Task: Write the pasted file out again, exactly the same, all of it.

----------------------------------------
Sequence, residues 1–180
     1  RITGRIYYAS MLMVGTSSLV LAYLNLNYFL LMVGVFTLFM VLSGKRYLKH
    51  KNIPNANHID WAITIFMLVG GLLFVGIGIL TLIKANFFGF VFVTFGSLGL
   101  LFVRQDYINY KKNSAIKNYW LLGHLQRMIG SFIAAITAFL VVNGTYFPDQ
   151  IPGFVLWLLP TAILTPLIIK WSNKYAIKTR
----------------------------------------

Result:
Sequence, residues 1–180
     1  RITGRIYYAS MLMVGTSSLV LAYLNLNYFL LMVGVFTLFM VLSGKRYLKH
    51  KNIPNANHID WAITIFMLVG GLLFVGIGIL TLIKANFFGF VFVTFGSLGL
   101  LFVRQDYINY KKNSAIKNYW LLGHLQRMIG SFIAAITAFL VVNGTYFPDQ
   151  IPGFVLWLLP TAILTPLIIK WSNKYAIKTR